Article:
Freddie Gibbs and Madlib on Cracking the Music Industry's 'Pinata'

"I'm getting interviewed by fucking 'Rolling Stone' right now, dogg. You think I need a fucking major label?"

Freddie Gibbs Madlib
Courtesy of Scorepress
Freddie Gibbs and Madlib
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Freddie Gibbs and Madlib's critically acclaimed Piñata is the culmination of nearly three years of recording sessions. Its frisson of delightfully obscure soul and rock samples and hardcore street raps is the result of the two men's starkly different backgrounds. Madlib is a reclusive, wildly innovative producer responsible for indie-rap classics like Madvillain's Madvillainy and Quasimoto's The Unseen. Freddie Gibbs is a rapper who proudly touts his gangsta credentials while burning through major label deals — most recently with Young Jeezy's Corporate Thugz Entertainment, which went south two years ago. Appropriately, Rolling Stone caught up with the two hip-hop artists in different locations: Madlib in an airport somewhere amidst lots of phone reception static, Gibbs riding around L.A. with his manager, Ben "Lambo" Lambert.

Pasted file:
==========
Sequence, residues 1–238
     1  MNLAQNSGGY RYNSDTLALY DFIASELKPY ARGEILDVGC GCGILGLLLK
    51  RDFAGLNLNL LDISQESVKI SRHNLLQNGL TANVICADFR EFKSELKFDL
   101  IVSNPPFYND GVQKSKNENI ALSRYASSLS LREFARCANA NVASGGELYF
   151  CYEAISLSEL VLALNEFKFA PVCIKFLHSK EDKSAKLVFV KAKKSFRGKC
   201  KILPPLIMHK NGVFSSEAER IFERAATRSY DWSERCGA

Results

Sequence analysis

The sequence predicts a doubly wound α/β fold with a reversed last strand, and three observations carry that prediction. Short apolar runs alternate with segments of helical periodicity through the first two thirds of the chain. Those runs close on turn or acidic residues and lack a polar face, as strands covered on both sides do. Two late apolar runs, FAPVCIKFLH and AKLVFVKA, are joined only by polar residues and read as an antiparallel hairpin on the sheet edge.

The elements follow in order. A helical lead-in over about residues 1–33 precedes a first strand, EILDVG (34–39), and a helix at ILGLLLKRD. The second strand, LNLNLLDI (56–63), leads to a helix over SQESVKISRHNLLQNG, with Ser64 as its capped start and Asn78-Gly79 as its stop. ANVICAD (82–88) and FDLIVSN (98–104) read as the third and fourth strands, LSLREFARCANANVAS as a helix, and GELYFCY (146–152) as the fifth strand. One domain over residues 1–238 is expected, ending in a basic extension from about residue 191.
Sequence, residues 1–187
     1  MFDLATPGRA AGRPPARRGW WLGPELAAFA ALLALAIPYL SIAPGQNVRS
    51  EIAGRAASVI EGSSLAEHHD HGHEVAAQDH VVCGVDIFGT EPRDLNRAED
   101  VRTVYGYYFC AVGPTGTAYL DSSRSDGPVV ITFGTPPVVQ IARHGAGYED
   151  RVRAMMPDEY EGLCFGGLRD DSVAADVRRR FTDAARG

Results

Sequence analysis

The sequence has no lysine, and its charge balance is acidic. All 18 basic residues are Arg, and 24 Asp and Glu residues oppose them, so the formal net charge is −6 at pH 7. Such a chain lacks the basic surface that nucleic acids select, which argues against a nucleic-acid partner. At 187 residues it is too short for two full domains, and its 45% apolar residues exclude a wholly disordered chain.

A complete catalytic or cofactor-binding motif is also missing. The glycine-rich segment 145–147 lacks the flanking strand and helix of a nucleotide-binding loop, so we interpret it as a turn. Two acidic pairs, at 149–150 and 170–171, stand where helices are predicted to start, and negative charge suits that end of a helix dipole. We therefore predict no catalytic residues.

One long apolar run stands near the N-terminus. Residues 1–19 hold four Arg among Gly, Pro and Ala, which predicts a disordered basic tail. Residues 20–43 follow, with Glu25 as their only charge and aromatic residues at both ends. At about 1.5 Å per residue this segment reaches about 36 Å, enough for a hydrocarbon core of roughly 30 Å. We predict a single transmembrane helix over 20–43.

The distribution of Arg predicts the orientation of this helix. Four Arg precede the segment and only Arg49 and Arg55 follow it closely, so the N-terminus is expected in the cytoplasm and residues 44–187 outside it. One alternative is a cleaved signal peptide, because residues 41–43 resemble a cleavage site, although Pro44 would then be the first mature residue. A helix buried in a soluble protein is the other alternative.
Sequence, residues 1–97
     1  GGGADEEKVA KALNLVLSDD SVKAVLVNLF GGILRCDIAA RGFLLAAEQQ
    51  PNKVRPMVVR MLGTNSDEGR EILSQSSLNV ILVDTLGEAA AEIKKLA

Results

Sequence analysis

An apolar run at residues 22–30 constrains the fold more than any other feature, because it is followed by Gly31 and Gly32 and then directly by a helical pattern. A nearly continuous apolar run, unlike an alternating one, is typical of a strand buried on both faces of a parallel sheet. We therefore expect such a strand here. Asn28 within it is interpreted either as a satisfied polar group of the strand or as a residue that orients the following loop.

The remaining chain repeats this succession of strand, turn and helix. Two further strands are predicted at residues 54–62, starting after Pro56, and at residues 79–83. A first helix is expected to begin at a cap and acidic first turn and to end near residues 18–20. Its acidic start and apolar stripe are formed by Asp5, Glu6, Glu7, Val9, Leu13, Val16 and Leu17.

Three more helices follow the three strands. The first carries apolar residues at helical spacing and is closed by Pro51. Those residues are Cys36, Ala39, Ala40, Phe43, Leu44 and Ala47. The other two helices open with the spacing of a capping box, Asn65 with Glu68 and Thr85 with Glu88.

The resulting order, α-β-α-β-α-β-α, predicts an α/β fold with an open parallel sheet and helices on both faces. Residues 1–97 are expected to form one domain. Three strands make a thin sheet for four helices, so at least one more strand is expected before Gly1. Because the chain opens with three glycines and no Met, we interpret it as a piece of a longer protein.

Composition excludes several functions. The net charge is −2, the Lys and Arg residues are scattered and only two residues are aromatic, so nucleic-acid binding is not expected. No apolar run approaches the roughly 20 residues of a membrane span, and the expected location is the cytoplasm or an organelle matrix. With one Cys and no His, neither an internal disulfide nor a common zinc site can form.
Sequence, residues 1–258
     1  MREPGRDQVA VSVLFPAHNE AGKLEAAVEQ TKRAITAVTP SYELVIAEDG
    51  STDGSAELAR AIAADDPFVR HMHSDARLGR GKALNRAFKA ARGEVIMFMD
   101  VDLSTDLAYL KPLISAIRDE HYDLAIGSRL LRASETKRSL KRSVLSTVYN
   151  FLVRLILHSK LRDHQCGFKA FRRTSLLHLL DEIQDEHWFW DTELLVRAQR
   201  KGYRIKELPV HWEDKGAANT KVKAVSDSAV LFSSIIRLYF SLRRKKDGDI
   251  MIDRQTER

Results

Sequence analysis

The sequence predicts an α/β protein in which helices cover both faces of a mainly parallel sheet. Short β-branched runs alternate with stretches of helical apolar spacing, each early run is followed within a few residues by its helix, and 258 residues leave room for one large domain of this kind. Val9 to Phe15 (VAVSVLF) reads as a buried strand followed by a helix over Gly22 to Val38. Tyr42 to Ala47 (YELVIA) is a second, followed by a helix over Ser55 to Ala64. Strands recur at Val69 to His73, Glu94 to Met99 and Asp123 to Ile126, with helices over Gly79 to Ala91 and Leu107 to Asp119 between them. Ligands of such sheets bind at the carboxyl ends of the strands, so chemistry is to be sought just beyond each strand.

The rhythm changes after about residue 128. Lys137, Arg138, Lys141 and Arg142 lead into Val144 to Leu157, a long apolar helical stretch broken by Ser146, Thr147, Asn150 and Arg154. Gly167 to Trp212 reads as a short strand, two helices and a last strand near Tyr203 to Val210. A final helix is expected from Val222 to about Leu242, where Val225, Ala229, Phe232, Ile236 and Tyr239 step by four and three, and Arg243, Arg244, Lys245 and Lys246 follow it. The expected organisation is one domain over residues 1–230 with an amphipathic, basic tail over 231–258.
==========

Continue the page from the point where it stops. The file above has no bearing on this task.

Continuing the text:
How did you guys start working on Piñata?

Madlib: I met him through Ben Lambo. He used to work at Stones Throw. I heard some of an earlier album with Jeezy on it [Gibbs' Cold Day In Hell]. And Lambo wanted to see if he could do something different over my style of beats. That's where it all started… I had gotten over eight CDs worth of music to him, and just let him pick out whatever he could vibe to. I didn't do anything special, I just let him pick stuff that he could write to. I thought he'd pick different types of beats, [but it was] all raw shit. I didn't have to tell him, but that's what he wanted to record.